Early this year, shortly after his comedy club pals Bob Saget and Louie Anderson died, Gilbert Gottfried shared a photo on Instagram of the three of them. The shot was “very sad now,” he wrote. A few months later, they’re all gone.

I mean, these guys were all still in their sixties. What the Hell.

If you scroll around Gottfried’s Twitter feed, he’s right there, very current, joking on the Chris Rock-Will Smith slap, dedicating proceeds from his comedy performances to wartime relief efforts in Ukraine. Not even a month ago, in late March, he performed at the Paradise Theatre in Toronto.

Now he is gone. His family announced his passing April 12 at 67 after years battling ventricular tachycardia, a sped-up heart rate, complicated by type II myotonix dystrophy. A cruel twist, given how his comedy personna was that of a tightly-wound, constantly simmering pepper pot, with all that pent up whatever pitched at high volume as it came spewing out his mouth.

There was an unforgettable night in Toronto, around 1990 I think, where I witnessed vintage Gottfried at full blast. Pretty sure I was still working at TV Guide Canada. Gottfried was on a bill of famous comics, including Henny Youngman, whose “Take my wife — please!” style of joke telling between violin playing dated back to radio days.

Youngman, to be fair, put on a clinic that night. Also on the bill was Joe Piscopo, who was on Saturday Night Live in the Eddie Murphy era of the early ’80s (as, briefly, was Gottfried).


“You know, everywhere I go, people ask me to do my Frank Sinatra impersonation,” said Piscopo, setting up what pretty much was the one thing he was famous for from SNL. He then threw a jacket over one shoulder, dented a fedora and did his shtick, doo-bee-doo-bee-dooing and referring to close-cropped Irish singer Sinead O’Connor as “Cueball.”

After his set, Gilbert Gottfried was next. “EVERY WHERE I GO,” he began in that cranked up, Brooklyn-ese screetch, “EVERYBODY ALWAYS ASKS ME TO DO MY SINATRA IMPERSONATION.”

Then, at full squint, he proceded to do Piscopo’s entire set, in that insane voice, word-for-word.

People were on their knees laughing. Tears running down faces. It may be the funniest live comedy performance I have ever seen.

At the end, Piscopo’s career was halfway to the morgue. That’s what Gottfried did; he made it up on the spot, and did not care what got in the way. It was defiant, a little like Norm Macdonald, only screechier.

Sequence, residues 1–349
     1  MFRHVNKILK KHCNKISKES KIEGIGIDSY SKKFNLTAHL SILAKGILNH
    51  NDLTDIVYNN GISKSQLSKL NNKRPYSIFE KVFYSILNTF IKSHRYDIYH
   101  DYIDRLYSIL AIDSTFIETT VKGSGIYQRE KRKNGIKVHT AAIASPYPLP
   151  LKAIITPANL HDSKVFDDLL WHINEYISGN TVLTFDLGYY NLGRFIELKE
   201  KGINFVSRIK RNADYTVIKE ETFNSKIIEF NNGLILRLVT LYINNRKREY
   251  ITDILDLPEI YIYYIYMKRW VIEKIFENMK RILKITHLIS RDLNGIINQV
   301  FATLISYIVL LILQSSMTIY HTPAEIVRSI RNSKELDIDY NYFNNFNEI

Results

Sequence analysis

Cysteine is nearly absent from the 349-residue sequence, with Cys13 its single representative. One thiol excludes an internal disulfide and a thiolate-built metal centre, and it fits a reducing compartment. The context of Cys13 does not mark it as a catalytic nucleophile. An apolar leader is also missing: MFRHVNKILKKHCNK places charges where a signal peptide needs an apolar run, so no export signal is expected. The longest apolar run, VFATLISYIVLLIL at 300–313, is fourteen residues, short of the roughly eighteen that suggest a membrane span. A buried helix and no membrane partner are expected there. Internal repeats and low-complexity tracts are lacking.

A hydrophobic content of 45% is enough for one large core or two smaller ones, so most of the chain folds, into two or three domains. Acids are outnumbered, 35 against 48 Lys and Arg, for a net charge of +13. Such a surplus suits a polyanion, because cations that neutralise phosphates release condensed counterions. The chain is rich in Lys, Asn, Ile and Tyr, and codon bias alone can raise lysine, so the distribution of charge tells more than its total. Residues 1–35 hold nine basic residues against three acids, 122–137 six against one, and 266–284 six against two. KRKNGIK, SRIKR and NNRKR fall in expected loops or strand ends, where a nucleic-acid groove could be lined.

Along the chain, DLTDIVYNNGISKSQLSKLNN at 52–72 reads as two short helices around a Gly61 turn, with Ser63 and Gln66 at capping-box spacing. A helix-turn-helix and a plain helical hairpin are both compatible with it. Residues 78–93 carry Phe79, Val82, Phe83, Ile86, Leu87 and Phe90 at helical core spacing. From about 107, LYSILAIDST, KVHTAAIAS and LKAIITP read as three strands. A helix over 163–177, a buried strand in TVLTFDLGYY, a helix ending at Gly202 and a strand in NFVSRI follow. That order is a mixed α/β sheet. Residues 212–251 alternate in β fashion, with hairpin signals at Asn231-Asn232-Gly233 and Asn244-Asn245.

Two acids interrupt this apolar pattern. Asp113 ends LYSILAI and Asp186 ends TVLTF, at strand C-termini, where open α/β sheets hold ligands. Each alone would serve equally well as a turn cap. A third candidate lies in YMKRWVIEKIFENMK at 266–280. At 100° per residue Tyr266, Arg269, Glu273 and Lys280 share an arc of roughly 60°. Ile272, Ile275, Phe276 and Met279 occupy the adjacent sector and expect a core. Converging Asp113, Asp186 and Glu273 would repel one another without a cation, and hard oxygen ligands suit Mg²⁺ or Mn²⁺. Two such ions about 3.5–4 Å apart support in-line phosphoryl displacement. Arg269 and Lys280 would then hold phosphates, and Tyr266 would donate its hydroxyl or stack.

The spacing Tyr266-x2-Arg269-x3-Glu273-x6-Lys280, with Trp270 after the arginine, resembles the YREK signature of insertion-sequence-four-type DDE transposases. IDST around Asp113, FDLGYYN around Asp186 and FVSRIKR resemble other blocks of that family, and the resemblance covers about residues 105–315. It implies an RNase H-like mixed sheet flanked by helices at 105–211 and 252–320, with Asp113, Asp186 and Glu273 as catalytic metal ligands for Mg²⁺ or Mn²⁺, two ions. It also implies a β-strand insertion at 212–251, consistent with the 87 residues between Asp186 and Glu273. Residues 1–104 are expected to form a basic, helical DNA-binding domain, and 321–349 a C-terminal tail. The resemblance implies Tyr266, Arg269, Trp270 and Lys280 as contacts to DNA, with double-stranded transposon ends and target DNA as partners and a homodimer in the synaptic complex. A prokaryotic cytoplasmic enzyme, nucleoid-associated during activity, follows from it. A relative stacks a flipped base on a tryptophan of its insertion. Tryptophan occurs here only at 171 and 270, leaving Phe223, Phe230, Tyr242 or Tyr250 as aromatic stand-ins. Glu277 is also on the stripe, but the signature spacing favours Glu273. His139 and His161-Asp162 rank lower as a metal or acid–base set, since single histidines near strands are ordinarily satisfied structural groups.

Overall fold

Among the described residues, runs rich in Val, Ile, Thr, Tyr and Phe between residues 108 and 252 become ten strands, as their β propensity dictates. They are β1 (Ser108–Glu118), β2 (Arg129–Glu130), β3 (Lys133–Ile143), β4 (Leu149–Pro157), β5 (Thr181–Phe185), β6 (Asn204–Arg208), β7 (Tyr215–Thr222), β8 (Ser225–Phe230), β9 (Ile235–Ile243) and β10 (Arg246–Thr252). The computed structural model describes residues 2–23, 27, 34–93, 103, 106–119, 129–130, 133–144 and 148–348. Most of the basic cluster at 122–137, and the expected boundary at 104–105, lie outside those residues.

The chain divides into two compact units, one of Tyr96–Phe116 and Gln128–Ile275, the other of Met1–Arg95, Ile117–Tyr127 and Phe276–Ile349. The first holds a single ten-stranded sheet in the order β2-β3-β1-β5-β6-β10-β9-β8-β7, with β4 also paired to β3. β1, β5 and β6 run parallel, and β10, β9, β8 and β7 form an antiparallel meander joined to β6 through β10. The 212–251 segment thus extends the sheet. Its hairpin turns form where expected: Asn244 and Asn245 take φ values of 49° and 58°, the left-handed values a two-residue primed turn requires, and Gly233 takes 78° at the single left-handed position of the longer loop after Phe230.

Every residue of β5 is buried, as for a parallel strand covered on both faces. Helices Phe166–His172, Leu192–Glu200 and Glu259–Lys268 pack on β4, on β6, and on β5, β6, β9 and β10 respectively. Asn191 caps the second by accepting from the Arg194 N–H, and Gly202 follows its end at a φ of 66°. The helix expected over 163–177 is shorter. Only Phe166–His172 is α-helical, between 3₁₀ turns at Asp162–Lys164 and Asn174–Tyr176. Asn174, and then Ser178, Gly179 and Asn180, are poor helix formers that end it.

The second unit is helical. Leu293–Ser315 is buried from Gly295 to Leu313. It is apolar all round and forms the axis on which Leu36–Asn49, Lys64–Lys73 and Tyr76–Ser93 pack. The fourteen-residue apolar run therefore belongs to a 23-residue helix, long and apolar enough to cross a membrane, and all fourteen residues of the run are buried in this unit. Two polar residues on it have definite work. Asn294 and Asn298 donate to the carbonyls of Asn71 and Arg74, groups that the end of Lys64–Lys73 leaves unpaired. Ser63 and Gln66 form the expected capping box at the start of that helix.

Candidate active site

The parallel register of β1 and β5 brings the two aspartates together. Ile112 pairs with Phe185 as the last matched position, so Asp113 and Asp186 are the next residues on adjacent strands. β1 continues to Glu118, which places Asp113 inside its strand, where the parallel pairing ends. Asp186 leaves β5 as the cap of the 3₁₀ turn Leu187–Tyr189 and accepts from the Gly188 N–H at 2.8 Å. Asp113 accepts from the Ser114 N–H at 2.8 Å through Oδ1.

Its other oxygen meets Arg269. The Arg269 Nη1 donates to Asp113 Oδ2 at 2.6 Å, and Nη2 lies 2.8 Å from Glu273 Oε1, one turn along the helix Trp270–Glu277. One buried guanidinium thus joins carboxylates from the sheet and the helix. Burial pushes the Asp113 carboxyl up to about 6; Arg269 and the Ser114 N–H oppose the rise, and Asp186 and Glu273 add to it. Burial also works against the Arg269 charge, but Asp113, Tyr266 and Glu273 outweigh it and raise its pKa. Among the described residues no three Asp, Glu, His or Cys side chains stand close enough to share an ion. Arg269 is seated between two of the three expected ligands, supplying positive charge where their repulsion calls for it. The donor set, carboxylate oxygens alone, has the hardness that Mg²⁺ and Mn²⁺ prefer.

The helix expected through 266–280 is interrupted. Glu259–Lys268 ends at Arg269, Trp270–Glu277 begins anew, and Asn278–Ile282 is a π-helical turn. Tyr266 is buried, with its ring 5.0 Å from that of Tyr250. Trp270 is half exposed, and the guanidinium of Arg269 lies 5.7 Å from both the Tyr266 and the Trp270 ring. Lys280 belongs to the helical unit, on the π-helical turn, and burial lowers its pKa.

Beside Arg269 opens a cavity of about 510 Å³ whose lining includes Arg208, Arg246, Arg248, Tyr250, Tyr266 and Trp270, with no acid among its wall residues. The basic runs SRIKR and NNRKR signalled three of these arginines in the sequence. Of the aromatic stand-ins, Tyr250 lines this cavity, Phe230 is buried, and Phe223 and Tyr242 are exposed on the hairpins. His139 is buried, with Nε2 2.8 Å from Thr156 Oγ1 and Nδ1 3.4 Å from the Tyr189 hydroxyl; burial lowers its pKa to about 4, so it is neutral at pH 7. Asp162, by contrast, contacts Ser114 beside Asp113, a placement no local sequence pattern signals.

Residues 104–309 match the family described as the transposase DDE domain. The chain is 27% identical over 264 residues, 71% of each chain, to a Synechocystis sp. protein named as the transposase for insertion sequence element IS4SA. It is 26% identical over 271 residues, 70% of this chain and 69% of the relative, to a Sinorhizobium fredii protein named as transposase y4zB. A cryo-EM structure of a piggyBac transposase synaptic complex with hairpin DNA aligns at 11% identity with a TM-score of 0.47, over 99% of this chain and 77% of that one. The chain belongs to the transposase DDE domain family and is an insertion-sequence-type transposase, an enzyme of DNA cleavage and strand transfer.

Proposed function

I ran into Gottfried maybe five or six years ago in Montreal during a Just for Laughs comedy festival. It was at some sort of after-show, outdoor festival party. He looked much older, and somewhat frail. I told him how much I had laughed at that Piscopo-shredding in Toronto all those years earlier. He remembered it, but seemed a little sheepish. “Doesn’t sound like me,” he said with a slight grin.

During the many years in between he snuck onto dozens of movies and sitcoms, was a fixture on the roast circuit and had a steady voice-over career thanks mainly to his work in the Disney hit “Aladdin.” That animated feature was big when my kids were small. As a result, I probably heard Gottfried’s performance eleventy billion-million times, but, paired with Robin Williams as the Genie, I don’t remember ever getting sick of it.

Gottfried’s humor, as noted above, could be ruthless and brutal. He would joke about anything, including, a few weeks after 9/11, a notorious crack he made at a Friar’s Club in LA. He told the crowd he didn’t fly out from the East Coast because, “they said they had to stop at the Empire State Building first.”

It was too soon, and Gottfried paid for it. After a similar crack about a disaster in Japan, Gottfried was fired from a lucrative commercial contract as the voice of the Aflac duck.

This, of course, made him a darling of Howard Stern, where he was often invited to be even more outrageous. His storytelling is very much at the core of the 2005 comics’comic movie “The Aristocats,” entirely built around the telling of one infamous dirty joke.

Gottfried, then, was the ultimate heckler, the shrill voice behind a hair-trigger bullshit detector. He was fast, fearless and funny, beloved by his peers — except maybe Joe Piscopo. In a woke world, his exit might seem well timed, but just the opposite is true. He is gone too soon, and missed already. RIP Gilbert.

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